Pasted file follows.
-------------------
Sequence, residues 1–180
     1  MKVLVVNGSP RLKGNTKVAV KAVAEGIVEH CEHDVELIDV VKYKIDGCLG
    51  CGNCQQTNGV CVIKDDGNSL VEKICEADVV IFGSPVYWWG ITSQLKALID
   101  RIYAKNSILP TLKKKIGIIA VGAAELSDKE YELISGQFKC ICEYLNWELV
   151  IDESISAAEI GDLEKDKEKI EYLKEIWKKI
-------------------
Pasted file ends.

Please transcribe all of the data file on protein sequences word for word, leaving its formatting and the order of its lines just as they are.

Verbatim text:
Sequence, residues 1–180
     1  MKVLVVNGSP RLKGNTKVAV KAVAEGIVEH CEHDVELIDV VKYKIDGCLG
    51  CGNCQQTNGV CVIKDDGNSL VEKICEADVV IFGSPVYWWG ITSQLKALID
   101  RIYAKNSILP TLKKKIGIIA VGAAELSDKE YELISGQFKC ICEYLNWELV
   151  IDESISAAEI GDLEKDKEKI EYLKEIWKKI